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Factors Affecting Media Trust in the Czech Republic

The third speaker in this ECREA 2016 session is Jakob Macek, who turns out focus to the apparently increasing polarisation of political discourses in many developed nations – he cites Brexit, the U.S. elections, elections in Austria, Hungary, the Czech Republic, and other countries as examples. This generates huge challenges for the social sciences: for opinion polling, most obviously, as well as for other forms of studying public debate and public opinions.

Such phenomena may also be linked to changing attitudes towards the news media, changing news consumption processes, the rise of a more diverse range of digital and online news and communication platforms, the emergence of echo chambers and filter bubbles, and other dynamics. This may generate increasing polarisation (perceiving opponents as inherently illegitimate and unacceptable) and radicalisation.

Possible explanations for these developments include growing economic insecurity and/or a backlash against modern, post-materialistic culture; the present project suggests a more general explanation by offering an ontological insecurity thesis: part of the population experiences its lifeworld as unstable, unpredictable, beyond its control, and even as threatening its culture, values, identity, and lifestyle as well as its biographic trajectories. They seek to make their world ontologically secure again.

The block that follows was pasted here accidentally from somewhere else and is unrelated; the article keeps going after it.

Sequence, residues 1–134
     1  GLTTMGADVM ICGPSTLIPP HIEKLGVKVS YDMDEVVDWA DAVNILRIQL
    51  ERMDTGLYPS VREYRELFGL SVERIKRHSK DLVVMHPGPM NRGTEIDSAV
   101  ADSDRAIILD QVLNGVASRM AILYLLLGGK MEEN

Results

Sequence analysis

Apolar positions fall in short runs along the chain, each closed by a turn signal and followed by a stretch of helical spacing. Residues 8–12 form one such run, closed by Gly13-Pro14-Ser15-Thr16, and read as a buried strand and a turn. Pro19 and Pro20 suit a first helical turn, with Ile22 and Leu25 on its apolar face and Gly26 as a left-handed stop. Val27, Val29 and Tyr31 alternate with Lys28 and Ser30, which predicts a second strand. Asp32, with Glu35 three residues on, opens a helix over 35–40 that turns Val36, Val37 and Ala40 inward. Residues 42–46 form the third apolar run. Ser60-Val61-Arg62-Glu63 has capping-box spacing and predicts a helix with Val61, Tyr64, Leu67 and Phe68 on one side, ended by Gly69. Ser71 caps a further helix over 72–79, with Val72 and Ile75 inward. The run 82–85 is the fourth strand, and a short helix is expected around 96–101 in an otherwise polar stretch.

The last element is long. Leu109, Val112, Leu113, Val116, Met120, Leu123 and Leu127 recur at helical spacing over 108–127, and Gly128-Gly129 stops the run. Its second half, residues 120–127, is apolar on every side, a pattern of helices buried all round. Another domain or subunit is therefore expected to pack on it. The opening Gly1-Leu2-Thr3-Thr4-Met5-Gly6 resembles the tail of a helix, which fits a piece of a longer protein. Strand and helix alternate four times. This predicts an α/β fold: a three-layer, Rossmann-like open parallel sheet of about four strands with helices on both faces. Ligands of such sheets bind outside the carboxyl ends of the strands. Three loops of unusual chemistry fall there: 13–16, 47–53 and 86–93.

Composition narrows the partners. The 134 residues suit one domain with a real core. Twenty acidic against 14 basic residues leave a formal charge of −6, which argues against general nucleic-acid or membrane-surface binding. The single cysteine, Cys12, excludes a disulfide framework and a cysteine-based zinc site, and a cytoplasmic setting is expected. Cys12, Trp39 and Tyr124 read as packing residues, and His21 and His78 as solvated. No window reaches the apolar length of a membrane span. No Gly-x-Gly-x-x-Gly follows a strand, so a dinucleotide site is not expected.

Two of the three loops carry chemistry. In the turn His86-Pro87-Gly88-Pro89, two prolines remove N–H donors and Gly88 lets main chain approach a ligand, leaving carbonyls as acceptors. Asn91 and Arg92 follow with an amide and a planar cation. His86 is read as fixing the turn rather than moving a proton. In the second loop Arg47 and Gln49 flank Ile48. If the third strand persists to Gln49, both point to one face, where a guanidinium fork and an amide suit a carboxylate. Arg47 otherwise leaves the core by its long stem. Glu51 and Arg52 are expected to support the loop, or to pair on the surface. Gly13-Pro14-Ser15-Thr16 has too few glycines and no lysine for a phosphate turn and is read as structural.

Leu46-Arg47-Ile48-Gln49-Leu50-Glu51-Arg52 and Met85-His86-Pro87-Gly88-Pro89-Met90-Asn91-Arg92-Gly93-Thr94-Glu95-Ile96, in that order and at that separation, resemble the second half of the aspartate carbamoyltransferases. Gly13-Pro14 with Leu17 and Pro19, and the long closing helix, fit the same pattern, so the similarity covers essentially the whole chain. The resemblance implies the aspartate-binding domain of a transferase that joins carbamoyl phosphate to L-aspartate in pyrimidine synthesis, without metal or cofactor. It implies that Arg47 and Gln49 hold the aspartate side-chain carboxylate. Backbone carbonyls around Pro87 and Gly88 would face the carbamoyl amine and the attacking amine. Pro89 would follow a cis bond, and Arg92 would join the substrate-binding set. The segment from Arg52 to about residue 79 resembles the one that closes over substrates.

Media play a crucial role in this. Media are amongst the main sources of shared social knowledge, and deliver reservoirs of narrations about the world; but ontologically insecure audiences' trust in mainstream and alternative news and information sources has declined markedly.

The present project therefore conducted some 34 interviews with respondents in small villages and large cities in the Czech Republic, as well as with students at Masaryk University in order to examine their attitudes towards the media. Issues surfaced through this process include concerns about media ownership, perceived professional standards, and the geographic proximity of media outlets; notably, by contrast, such concerns were not related to specific media forms or channels.

The main distinction to be operationalised in further questioning is therefore the distinction between professional and alternative media, rather than between print, TV, online, and other channels. There will be further interviews and surveys that will generate more diachronic perspectives on these attitudes as well.